Now, just imagine if Rite Aid did a sale lease-back of all 5 DCs for $300M. Lowered SG&A by $220M (2016 SG&A as a percent of revenue levels) and cut store construction and remodeling in half resulting in $50M in savings a year. In one year, the debt could be reduced by $570M resulting in $32M of annual interest rate savings based on the annual weighted average interest rate of 5.6%. After the initial pay-off, debt could be reduced by over $250M every single year thereafter. Now, take into account the eventual shift in the reimbursement rate pressures which will sharply increase margins combined with considerable growth in the PBM, in addition to the supplementary revenue stream from the Health Dialog team as well as the potential benefit of CBD to front-end store sales and one can understand why Walgreens offered $180 for Rite Aid 3.5 years ago.
Don’t let all of these recent bearish Seeking Alpha articles scare you. The future is bright. The macro trends will reverse. The necessary changes are evident. The Board of Directors needs the right leader, an aggressive cost-cutter, and they need to hire him/her sooner rather than later. Shares will react accordingly.
R-E-L-A-X. It’s going to be OK.
Ironically, with the healthcare sector under siege with constant Washington, D.C. commentary, the only major healthcare related action, due to the FDA, not Congress, has been a massive streamlined approach towards getting generics into the market. Over the last two years, the FDA has approved more than 1,600 generic drug applications which is over 33% more than the last two years of the prior administration. The interesting thing is that about 43% of those generics are still not even on the market and “36% of generics that would be the first to compete against a branded drug are not yet for sale.” According to an FDA analysis it takes five generics on the market in order to drive down prices by 33% or the original brand-name price.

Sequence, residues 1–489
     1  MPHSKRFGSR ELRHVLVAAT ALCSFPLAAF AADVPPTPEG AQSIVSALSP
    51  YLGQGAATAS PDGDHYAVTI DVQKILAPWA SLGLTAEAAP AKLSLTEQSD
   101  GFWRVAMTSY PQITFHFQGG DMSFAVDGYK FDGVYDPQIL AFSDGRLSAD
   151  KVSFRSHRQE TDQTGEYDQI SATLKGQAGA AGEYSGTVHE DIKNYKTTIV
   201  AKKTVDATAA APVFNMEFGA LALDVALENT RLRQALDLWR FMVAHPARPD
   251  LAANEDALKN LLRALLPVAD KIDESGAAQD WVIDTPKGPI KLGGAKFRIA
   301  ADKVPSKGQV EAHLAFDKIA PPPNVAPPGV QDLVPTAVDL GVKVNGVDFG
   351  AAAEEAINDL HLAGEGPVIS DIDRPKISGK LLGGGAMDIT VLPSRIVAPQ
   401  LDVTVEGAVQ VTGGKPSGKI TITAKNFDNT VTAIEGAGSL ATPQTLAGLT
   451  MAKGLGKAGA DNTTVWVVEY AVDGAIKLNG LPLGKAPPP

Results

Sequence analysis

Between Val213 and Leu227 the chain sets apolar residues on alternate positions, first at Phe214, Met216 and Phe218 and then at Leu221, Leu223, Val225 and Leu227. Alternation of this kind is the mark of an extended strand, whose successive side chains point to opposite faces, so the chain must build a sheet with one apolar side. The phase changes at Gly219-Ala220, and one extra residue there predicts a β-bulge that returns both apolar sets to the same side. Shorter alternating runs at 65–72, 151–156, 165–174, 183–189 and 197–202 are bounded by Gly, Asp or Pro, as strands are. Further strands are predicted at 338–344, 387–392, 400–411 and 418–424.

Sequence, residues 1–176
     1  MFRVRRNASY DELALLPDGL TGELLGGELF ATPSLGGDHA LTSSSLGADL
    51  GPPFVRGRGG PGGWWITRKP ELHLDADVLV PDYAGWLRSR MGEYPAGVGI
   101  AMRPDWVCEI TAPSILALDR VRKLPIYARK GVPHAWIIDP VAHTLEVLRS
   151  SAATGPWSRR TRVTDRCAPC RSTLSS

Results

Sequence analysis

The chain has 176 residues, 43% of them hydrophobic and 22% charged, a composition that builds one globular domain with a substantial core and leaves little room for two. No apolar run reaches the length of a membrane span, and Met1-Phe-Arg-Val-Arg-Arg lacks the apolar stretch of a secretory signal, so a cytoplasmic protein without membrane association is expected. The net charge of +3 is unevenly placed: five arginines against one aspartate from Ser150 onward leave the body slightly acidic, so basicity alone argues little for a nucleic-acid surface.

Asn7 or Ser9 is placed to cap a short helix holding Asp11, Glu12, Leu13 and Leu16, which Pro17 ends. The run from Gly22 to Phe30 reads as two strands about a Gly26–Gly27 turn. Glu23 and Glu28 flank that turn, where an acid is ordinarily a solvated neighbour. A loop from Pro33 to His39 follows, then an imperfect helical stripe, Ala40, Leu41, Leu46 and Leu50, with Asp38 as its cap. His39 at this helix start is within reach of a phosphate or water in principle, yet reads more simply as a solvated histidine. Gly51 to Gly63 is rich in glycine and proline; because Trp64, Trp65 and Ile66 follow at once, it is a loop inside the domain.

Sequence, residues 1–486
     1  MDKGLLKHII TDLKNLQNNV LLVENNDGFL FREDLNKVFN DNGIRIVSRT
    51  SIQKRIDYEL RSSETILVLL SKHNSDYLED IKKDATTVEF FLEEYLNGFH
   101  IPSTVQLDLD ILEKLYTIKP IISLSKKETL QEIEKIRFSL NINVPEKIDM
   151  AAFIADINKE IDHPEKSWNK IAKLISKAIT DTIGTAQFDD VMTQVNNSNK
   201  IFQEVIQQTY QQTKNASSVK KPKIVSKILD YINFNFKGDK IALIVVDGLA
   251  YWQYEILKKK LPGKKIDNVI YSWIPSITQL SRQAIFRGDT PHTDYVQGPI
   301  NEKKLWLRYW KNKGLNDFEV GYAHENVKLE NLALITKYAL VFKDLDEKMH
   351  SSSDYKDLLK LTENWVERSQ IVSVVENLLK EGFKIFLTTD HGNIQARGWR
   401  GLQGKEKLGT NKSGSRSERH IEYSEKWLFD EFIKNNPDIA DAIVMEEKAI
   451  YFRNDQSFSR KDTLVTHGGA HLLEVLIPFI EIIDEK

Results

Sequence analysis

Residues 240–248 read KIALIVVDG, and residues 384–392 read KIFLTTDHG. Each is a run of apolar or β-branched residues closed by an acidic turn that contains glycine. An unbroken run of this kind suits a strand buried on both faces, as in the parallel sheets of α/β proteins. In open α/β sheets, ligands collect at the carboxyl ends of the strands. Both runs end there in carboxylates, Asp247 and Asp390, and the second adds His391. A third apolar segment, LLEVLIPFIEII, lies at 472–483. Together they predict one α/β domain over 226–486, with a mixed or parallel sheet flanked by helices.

There are a multitude of reasons, too great to detail in this article, about why the pace to market has been slow. For example, in some cases the branded manufacturer essentially bribes the generic manufacturer to delay the introduction of the generic. However, what can be said, is that the issues are known and fixable and drawing the attention of Congress even though they don’t require the actions of Congress in order to reverse trend.
Disclosure: I am/we are long RAD. I wrote this article myself, and it expresses my own opinions. I am not receiving compensation for it (other than from Seeking Alpha). I have no business relationship with any company whose stock is mentioned in this article.
Additional disclosure: RAD currently represents the fourth largest position in the DOMO Concentrated All Cap Value Composite. More information on the composite can be found at our website. DOMO Capital Management, LLC ("DOMO") is a Wisconsin-registered investment adviser. Justin R. Dopierala is the President and Founder, and a registered investment adviser representative, of DOMO. Additional information about DOMO is disclosed in our Form ADV, which is available upon request. All information contained herein is for general informational purposes only and does not constitute a solicitation or an offer to provide investment advisory services in any jurisdiction. The investment strategy discussed herein may not be suitable for everyone. Investors need to review an investment strategy for their own particular situation before making any investment decision. We believe the information obtained from any third-party resources to be reliable, but we do not guarantee its accuracy, timeliness or completeness. The opinions, estimates, projections, comments on financial market trends and other information contained herein constitute our judgment and are as of the date of the material, are subject to change without notice at any time in reaction to shifting market conditions and other factors and should not be construed as personalized investment advice. DOMO has no obligation to provide any updates or changes to such information.